Service delivery: systemic trappings of apartheid remain

Residents of an informal settlement near Dunoon, Cape Town, protest over the lack of water and sanitation. The country’s water challenges are a stubborn reminder of the government’s attitude towards accountability, says the writer. Picture: Armand Hough/Independent Newspaper Archives

Residents of an informal settlement near Dunoon, Cape Town, protest over the lack of water and sanitation. The country’s water challenges are a stubborn reminder of the government’s attitude towards accountability, says the writer. Picture: Armand Hough/Independent Newspaper Archives

Published Apr 20, 2024


Dr Minga Mbweck Kongo

The post-apartheid water governance and the apartheid legacy set the tone for the debate on the contested water issues in South Africa.

Thirty years after Freedom Day, which campaigned for basic human rights, many South Africans struggle for water access.

Post-Covid-19 inspired many water-related protests. The protests are all over mainstream and social media, highlighting corruption, inequality, lack of water and suppression of the right to water. The water challenges throughout South Africa are a stubborn reminder of the government’s attitude towards accountability.

Much of the systemic trappings of apartheid are firmly in place, long after Freedom Day. This is evident in the general defiance shown by the protests, where residents of various townships across South Africa militantly contested the consensus notion that the ANC’s ways of dealing with service delivery in townships was working.

Many residents, particularly in townships, speak of marginalisation as a reflection of their shared experiences of exclusion and alienation.

Their desire for freedom and to restore their humanity and dignity have been betrayed by the government.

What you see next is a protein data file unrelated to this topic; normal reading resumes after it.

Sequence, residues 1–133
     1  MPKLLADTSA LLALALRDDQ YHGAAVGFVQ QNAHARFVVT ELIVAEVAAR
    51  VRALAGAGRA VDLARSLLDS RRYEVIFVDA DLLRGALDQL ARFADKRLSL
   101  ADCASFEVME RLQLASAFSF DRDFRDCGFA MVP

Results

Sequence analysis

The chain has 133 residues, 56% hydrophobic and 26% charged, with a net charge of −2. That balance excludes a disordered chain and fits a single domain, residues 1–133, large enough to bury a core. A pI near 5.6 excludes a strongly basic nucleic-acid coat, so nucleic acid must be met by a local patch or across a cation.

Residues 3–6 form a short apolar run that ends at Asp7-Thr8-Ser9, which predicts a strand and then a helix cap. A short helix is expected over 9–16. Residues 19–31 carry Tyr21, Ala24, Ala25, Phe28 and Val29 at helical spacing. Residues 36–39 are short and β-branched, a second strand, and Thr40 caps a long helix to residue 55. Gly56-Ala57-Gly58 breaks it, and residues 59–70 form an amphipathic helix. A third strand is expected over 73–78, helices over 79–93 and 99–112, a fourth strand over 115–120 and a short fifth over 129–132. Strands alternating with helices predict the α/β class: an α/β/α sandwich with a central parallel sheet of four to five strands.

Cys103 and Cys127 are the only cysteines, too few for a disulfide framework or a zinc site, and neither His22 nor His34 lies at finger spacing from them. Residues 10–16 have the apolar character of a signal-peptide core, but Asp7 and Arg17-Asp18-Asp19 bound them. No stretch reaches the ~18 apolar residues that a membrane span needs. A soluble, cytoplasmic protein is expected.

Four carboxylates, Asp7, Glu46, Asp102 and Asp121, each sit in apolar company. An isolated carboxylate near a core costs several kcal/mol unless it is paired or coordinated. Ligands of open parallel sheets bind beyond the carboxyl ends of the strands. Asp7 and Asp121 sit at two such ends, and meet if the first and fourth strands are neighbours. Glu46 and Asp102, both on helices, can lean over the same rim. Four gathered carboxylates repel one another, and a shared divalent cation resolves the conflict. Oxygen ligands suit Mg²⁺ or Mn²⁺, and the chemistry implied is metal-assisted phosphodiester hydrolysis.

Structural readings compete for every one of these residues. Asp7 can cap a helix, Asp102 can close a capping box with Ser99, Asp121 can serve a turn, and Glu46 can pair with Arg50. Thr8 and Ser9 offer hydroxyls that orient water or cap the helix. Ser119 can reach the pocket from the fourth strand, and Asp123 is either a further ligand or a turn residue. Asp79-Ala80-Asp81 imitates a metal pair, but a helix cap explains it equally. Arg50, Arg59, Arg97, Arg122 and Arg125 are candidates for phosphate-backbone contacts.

This is self-evident as residents reflect upon the outcomes of their negotiated water issues.

During apartheid, homeland governments and local municipalities were each responsible for water supply services. Black local authorities had a massive challenge responding to increasing service demands and were accused of bad governance. In contrast, white local authorities had access to adequate services and served a minority white population.

After Freedom Day, municipal and provincial governments were restructured to meet the service delivery goals proposed by the ANC government. South Africa was restructured from four provinces, 10 “independent” and “self-governing” Bantustans, to nine. Municipalities were reduced from 843 to 284, and municipal boundaries were redefined.

The boundaries were restructured so that local governments could bridge the gap between rural and urban areas and between the rich and the poor regarding access to basic services.

Future Strategic Integrated Projects were also established to deal with the past spatial imbalances. Thus, addressing the poorer provinces’ needs and enabling socio-economic development, emphasising areas lagging in in-service delivery provision.

The projects aimed to provide new infrastructure, rehabilitate, upgrade infrastructure, and improve water infrastructure management.

The municipalities were tasked with the mandate of the Constitutional Assembly (1996), to prioritise basic needs of the community, promote socio-economic development, and participate in national and provincial development programmes (Constitutional Assembly, 1996, Section 153).

As spelt out in the Bill of Rights (Constitutional Assembly, 1996, Chapter 2), the goal is to progressively ensure that citizens can exercise their rights to access water, health care, a clean environment, housing and, more generally, dignity.

Local government is the closest sphere of government to the people.